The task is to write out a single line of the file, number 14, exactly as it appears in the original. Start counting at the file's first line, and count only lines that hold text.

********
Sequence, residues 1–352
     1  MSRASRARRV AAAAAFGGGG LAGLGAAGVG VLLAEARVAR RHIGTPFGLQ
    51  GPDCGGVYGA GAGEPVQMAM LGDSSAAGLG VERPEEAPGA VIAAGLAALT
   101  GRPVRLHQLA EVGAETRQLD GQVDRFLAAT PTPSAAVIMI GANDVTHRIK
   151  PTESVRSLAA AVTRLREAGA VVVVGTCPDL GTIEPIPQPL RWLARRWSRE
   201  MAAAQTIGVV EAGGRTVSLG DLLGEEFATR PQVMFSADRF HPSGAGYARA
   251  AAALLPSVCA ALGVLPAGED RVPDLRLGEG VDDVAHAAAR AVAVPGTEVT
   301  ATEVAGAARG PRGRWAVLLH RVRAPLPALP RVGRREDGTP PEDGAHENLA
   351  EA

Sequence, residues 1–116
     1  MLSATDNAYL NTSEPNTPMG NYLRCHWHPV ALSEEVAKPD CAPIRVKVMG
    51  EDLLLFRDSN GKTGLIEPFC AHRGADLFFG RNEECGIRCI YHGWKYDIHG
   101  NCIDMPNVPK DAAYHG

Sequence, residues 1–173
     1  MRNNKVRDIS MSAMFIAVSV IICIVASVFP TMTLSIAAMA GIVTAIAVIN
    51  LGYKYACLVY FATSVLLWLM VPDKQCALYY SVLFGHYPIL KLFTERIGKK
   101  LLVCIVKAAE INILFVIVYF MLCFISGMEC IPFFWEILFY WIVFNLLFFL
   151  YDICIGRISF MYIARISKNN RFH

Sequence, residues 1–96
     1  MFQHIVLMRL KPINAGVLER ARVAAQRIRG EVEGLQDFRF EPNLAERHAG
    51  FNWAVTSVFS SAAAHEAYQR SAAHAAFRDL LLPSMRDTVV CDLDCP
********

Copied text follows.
Sequence, residues 1–173